The United States Federal Trade Commission announced Thursday it opened an investigation into the data breach suffered by credit reporting company Equifax that resulted in the personal information of as many as 143 million consumers being exposed.

In addition to launching a probe into the situation, the FTC also issued a public warning to consumers about scammers attempting to capitalize on the massive incident by posing as Equifax and asking potential victims to surrender personal information.

In particular, the FTC raised red flags about scam calls that have started hitting consumers. While unsolicited calls have been an ongoing problem for Americans in recent years, these ones are particularly malicious given their intention to steal information and come at a time when millions are feeling vulnerable in the wake of the Equifax hack.

The FTC provided consumers with three tips for identifying and avoiding the scams.

First and foremost, the FTC said consumers should never give out personal or financial information on an unsolicited call. If the consumer initiated the call and can verify the person on the other end of the call truly works for who they claim, then it is likely safe. But most companies will not cold call a person and request their information.

Secondly, consumers should not trust their caller ID to protect them. While a number may appear legitimate, it’s possible for scammers to spoof phone numbers so it looks like they are calling from a particular company. This is a prevalent tactic that scammers have adopted in recent years and will likely be put to use in order to make calls appear as though they are from Equifax or other financial resources.

Finally, consumers are advised by the FTC to immediately hang up on any robocall they may receive. Don’t press “1” when prompted, don’t wait to speak to a live operator, don’t even bother following steps to supposedly remove a phone number from the call list. The FTC warns any interaction is only likely to lead to more robocalls.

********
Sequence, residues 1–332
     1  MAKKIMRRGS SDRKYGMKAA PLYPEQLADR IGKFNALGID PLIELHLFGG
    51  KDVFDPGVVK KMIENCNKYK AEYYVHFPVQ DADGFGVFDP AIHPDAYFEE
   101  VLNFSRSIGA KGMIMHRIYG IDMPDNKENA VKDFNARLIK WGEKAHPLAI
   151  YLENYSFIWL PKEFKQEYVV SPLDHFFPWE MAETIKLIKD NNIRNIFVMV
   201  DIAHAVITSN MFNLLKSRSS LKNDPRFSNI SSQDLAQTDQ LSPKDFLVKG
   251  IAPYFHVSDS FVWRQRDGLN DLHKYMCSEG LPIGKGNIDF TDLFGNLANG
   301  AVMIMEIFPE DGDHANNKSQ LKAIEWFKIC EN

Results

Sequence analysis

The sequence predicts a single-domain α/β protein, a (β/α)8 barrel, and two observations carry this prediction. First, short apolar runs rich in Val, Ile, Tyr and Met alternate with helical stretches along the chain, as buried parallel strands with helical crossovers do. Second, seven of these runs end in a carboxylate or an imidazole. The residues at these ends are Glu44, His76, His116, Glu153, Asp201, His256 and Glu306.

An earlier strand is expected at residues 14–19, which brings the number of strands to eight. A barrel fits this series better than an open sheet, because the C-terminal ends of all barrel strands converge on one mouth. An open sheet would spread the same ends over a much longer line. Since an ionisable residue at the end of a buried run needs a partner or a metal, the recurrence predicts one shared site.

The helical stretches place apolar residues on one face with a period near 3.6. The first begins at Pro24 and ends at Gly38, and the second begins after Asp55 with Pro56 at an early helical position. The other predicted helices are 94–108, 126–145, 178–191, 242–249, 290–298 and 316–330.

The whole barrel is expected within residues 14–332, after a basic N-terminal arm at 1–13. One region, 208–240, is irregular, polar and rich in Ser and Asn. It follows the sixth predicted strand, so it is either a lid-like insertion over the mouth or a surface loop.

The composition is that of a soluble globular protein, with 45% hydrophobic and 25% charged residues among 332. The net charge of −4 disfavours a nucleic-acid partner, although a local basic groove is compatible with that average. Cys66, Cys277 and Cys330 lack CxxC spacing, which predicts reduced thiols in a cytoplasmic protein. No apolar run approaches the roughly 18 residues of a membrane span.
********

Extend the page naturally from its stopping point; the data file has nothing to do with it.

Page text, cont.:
Lisa Weintraub Schifferle, an attorney at the FTC’s Division of Consumer and Business Education, didn’t mince words when it comes to the phony calls. “Don’t tell them anything. They’re not from Equifax. It’s a scam. Equifax will not call you out of the blue.”

The FTC also suggested victims of these calls who were perhaps too trusting or too nervous about the effects of the Equifax breach to think twice about questioning the source of call should change passwords, account numbers and security questions to any account that may be compromised.

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Such actions don’t ensure protection by any means—attackers can do a considerable amount of damage, from hijacking peripheral accounts with similar passwords to posing as a person by using their stolen information—but it is a good first step in response to being scammed.

The FTC’s warning of scams is not the first. There have been phishing attempts and credential harvesting websites designed to prey upon people who are worried about personal information being compromised in the Equifax hack.

The investigation into hackers breaching Equifax’s servers and stealing information of millions of consumers comes just after the credit reporting firm announced the hack was the result of a known web application vulnerability that had a patch available for at least two months prior to the breach.